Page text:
The mechanical leech, the anti-crime bowtie, and seven other preposterous Victorian inventions

alors, là….


A new book, Inventions That Didn’t Change the World, published next month by Thames & Hudson, looks at the forgotten side of the Victorian age of invention—not the steam engine or the lightbulb but the Improved Sausage Machine, the Epanalepsian Advertizing Vehicle, and the Moustache Protector.

The book’s author, Julie Halls, has dug out copyright applications for hundreds of failed inventions from the vaults of the National Archives in London, where she’s a records specialist. The ideas are essentially a catalog of the pet peeves, obsessions, and anxieties of Victorian England, and the attempts of often amateur inventors to fix them. There are belts to ward off cholera and mechanical jacks for taking off your shoes, spring-loaded bibles and spiked cravats, tennis rackets with handles that scoop up stray balls and punishment devices for prisons.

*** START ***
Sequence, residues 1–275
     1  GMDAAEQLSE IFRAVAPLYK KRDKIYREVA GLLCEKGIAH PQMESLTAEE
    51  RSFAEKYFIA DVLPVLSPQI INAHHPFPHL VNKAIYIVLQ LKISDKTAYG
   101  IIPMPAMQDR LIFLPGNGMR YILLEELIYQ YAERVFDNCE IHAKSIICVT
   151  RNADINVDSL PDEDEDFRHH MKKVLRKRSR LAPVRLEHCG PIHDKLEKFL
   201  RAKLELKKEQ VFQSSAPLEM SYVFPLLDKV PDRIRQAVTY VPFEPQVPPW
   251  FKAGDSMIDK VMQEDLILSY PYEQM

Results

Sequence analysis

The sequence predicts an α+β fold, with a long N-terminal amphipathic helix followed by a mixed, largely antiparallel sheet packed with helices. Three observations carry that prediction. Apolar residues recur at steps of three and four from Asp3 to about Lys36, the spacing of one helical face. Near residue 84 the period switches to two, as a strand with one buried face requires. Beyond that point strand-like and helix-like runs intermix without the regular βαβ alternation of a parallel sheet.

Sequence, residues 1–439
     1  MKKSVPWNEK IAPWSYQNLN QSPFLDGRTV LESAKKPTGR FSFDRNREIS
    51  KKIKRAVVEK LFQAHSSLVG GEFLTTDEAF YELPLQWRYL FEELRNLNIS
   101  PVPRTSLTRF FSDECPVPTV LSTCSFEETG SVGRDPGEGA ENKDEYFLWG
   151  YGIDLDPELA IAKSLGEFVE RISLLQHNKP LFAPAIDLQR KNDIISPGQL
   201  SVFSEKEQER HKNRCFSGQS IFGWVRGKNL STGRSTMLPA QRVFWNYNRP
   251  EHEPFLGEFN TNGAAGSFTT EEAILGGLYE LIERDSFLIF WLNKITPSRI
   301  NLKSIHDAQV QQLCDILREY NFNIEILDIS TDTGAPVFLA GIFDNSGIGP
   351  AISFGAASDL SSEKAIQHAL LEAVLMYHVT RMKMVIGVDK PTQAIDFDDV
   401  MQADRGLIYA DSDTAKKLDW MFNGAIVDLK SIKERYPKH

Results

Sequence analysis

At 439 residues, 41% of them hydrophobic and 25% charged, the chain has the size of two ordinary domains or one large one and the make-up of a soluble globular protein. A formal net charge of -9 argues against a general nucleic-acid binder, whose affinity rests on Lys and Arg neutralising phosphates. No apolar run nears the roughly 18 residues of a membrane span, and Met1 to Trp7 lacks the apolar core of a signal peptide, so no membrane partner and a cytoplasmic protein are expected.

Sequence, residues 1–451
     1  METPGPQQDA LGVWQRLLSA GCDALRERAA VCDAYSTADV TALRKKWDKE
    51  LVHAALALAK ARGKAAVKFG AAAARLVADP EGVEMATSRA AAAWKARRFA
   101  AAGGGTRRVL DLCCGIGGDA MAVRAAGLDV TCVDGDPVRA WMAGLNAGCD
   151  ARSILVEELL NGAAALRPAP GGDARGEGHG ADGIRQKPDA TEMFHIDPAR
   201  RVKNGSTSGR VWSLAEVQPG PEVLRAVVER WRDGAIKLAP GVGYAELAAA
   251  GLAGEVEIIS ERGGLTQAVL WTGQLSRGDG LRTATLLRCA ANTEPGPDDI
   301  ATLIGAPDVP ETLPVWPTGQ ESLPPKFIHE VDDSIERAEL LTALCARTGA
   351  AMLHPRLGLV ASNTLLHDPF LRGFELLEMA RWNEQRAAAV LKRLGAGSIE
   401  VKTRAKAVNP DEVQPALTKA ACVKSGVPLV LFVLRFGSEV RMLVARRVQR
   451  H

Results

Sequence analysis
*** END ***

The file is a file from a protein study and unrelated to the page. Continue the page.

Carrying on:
And everywhere, there’s the firm belief in social progress through technological innovation. It’s an idea that has…

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